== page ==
The online version of this article (doi:10.1186/s12890-015-0062-7) contains supplementary material, which is available to authorized users.
The authors declare that they have no competing interests.
HGA, AB, JSL, DR, LL, SR and DN participated in the study design. HGA, JB, EM collected the data. HGA, AB, JSL, EM and DN analysed the data. HGA. AB, JSL, DR, SR and DN participated in the draft of the manuscript. All authors read and approved the final manuscript.
Staphylococcus aureus (SA) is the most prevalent organism infecting the respiratory tract of CF children, and remains the second most prevalent organism in CF adults. During early childhood, SA infections are associated with pulmonary inflammation and decline in FEV1, but their clinical significance in adult CF patients is poorly characterized.
We conducted a retrospective cross-sectional study to determine the association between airway microbiology and clinical outcomes (FEV1, rate of pulmonary exacerbations, CRP levels and clinical scores).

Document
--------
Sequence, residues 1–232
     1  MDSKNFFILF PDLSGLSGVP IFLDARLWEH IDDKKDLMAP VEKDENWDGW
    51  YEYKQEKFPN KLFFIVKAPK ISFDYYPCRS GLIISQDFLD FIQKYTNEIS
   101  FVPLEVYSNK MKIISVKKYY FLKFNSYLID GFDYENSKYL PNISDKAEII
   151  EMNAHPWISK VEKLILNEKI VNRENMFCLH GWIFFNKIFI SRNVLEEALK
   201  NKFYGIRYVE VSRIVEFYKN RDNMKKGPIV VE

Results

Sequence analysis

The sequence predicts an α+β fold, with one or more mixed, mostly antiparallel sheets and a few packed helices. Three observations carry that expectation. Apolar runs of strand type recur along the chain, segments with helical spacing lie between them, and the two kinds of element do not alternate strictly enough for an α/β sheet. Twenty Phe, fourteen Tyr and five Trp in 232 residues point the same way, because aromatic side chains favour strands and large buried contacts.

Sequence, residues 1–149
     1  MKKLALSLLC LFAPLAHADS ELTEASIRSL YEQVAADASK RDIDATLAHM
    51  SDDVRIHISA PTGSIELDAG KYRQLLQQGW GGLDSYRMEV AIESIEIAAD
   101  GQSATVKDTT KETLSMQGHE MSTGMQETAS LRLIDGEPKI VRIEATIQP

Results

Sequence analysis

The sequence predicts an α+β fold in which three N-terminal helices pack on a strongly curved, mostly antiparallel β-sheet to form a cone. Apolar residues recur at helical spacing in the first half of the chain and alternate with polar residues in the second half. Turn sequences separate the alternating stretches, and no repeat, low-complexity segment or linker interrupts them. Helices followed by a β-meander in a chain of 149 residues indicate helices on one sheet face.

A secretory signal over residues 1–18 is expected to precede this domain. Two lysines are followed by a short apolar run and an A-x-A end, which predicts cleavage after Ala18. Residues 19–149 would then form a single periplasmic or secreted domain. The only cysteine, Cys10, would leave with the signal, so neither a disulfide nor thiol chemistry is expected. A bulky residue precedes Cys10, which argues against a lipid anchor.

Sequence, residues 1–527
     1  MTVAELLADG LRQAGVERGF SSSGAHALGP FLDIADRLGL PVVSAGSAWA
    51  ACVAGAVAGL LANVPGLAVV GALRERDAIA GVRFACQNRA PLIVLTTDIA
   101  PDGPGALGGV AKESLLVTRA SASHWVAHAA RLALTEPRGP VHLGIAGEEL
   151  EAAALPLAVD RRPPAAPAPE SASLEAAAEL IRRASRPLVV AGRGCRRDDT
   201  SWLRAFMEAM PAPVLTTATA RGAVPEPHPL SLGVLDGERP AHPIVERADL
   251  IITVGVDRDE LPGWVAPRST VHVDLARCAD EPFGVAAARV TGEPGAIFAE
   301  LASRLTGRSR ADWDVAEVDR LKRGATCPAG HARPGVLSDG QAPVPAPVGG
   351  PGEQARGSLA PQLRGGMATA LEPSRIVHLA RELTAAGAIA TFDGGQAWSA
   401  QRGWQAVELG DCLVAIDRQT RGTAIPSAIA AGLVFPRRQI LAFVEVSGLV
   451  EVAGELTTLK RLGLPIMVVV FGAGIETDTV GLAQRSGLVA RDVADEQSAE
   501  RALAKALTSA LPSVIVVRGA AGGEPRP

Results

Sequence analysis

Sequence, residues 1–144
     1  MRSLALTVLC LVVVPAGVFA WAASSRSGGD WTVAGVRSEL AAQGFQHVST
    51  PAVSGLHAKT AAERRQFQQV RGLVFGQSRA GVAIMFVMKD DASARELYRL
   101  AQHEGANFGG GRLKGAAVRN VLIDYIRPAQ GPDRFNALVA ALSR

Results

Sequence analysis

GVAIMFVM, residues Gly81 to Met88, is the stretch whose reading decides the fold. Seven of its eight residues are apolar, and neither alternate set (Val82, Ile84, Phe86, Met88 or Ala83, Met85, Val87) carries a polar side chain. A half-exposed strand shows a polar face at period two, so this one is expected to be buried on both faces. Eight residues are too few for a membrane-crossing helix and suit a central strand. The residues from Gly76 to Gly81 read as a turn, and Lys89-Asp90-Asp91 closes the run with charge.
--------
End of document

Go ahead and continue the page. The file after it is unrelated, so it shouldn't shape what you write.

In a cohort of 84 adult CF patients, 24 % were infected with SA only, 60 % were infected with PA, and 16 % had neither PA nor SA. CF patients with SA experienced fewer pulmonary exacerbations and lower CRP levels than those with PA.
In adult CF patients, SA infections alone, in the absence of PA, are a marker of milder disease.
Additional file 1: Table S1. Sputum microbiology for other microorganisms in sputum cultures12890_2015_62_MOESM1_ESM.pdf
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- Clinical outcomes associated with Staphylococcus aureus and Pseudomonas aeruginosa airway infections in adult cystic fibrosis patients
Heather G. Ahlgren
Jennifer S. Landry
Larry C. Lands
- BioMed Central
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